Each year, the famous dictionary welcomes new proper and common nouns, which often say a lot about the times. Explanations from Géraldine Moinard, its new editorial director.
Eco-anxiety, glottophobia, wokism, NFT, third place, grazer, stylometry, image greening: each new edition of the “Little” Robert gives rise to the entry of new words and expressions into its corpus. A Prévert-style inventory that also serves as a barometer, tracking down something of the times behind the neologisms. Since its creation in 1967, this reference dictionary piloted for a long time by the late Alain Rey (1928-2020) has surprised by its openness to new uses and modernity. Three questions to its new editorial director, Géraldine Moinard.
How do you enter new words?
The procedure is well established. We identify new words, the frequency with which they are used in different types of discourse: the press, literature, social networks… We are mainly interested in their distribution. If they are used a lot, but in a single circle, they have little chance of being elected. Much less in any case than rarer words which circulate, them, in several groups and different age groups. We also strive to assess its sustainability. It’s rare for a “buzzword” to enter our pages less than a year after its appearance, it’s often much longer. We meet frequently to discuss it, certain words impose themselves, like this year NFT or wokism. On others there may be a vote. We allow ourselves a little subjectivity, which allows us to differentiate ourselves from our competitors. We are often a bit of a forerunner.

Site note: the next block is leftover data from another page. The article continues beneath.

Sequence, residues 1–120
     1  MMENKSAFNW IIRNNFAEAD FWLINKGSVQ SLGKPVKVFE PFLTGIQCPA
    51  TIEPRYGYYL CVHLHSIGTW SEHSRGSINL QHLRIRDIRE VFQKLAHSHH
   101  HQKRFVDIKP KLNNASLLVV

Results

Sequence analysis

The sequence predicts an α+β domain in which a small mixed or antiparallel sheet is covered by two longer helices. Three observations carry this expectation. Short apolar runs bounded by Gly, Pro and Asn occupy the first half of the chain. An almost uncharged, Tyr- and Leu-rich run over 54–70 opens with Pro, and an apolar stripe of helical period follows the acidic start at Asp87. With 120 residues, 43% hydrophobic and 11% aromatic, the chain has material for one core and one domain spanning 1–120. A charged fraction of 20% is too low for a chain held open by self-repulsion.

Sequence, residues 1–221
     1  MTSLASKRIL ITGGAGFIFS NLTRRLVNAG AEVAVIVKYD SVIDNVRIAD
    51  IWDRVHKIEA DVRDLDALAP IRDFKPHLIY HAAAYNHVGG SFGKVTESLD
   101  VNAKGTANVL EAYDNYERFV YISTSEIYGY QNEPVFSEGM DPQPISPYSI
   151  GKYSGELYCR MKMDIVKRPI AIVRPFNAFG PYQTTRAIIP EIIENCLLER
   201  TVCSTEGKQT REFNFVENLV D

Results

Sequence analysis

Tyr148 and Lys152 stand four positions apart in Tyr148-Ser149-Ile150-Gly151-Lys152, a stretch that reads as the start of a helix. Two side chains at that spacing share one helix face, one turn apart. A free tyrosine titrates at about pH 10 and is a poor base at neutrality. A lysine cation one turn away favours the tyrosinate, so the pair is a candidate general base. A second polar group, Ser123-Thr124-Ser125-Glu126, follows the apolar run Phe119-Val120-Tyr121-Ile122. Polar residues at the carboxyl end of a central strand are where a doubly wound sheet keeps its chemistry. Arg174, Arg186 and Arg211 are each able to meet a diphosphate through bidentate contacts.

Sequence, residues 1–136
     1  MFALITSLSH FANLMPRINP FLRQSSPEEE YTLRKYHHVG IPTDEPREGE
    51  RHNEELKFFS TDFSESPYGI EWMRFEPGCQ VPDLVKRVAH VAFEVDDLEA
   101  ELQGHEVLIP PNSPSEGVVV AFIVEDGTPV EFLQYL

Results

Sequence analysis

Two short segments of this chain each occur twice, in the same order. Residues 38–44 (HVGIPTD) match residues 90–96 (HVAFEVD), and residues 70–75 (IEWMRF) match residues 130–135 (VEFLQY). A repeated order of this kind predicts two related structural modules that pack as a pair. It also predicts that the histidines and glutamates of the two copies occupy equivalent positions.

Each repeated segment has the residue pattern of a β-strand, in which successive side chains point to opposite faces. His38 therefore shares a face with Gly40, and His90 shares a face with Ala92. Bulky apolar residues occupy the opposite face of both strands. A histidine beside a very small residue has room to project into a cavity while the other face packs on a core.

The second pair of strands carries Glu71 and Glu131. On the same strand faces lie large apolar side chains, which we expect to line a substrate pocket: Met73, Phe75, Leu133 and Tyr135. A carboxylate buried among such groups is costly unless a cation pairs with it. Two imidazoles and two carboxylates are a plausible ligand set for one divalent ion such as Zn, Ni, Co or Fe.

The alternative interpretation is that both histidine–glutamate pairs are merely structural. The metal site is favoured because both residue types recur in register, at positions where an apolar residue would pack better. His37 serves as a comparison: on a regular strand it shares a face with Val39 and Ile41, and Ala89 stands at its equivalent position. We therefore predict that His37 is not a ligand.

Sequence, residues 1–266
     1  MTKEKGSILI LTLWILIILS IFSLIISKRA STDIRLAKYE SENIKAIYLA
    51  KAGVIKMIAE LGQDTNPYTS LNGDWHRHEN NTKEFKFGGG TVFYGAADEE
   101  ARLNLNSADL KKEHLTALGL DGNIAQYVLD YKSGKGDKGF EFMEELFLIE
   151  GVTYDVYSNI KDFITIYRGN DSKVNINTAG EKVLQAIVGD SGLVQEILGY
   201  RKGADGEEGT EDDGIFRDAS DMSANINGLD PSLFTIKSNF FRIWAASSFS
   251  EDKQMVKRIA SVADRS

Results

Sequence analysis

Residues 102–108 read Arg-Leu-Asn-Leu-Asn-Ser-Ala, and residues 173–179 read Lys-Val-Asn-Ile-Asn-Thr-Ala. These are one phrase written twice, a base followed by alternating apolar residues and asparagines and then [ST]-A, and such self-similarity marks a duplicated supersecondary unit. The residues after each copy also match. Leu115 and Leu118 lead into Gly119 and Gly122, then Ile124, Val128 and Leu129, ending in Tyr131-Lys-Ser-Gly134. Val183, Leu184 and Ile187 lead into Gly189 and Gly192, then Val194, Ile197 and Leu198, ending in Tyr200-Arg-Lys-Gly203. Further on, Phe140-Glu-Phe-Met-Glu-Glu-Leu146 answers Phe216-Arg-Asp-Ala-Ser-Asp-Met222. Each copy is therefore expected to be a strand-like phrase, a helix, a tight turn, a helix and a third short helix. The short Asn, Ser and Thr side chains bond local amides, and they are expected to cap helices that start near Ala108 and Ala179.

“Words can start a new life, like ‘lockdown’, a rare and old word even two years ago.”
Conversely, are there any words that come out of your lists?
Not this year and generally speaking it remains extremely rare. Even if the paper version of the dictionary imposes limits on us, we strive to hold our three hundred thousand entries by pushing the walls and the columns of texts and by cheating with the model! Obviously we don’t have this constraint with the digital version. Although some words age and fall into disuse, we want them to remain present, the primary function of a dictionary being to explain, to enlighten. And then we like to follow the words, they can take on different meanings depending on the era, as is the case today with “bail”, “organic” or “unicorn”. Even start a new life, like “confinement”, a rare and old word two years ago. We always include indications on the use, as well as references to associated words. The systematic use of analogies is somewhat our trademark. It is not because a word enters the dictionary that it becomes fossilized!
By including “iel” in your digital version a few months ago, you created controversy…
This is not our primary vocation. As linguists and lexicographers, we are there to report on the evolutions of language, to give their meaning and to put them into perspective, not to take one side or another. The word “iel”, which refers to a person of any gender, was invented in 2008 and, although its use remains rare, it has gradually gained ground. Today, it is increasingly used and disseminated among younger generations. According to our criteria, it therefore has its place in the new edition. Even if in itself we can only be delighted that a word or an expression causes debate – because it proves the attachment of a population to its language –, we have been surprised and often dismayed by the reactions it has provoked. Little Robert has often been criticized – at the time of its first edition, in 1967, Maurice Druon, then permanent secretary of the French Academy, had even accused it of “pick up words in the stream” – but never with such violence.
The Petit Robert of the French language, 2023 edition, €66.90.
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Wokism, eco-anxiety, NFT: how “Le Petit Robert” chooses his new words
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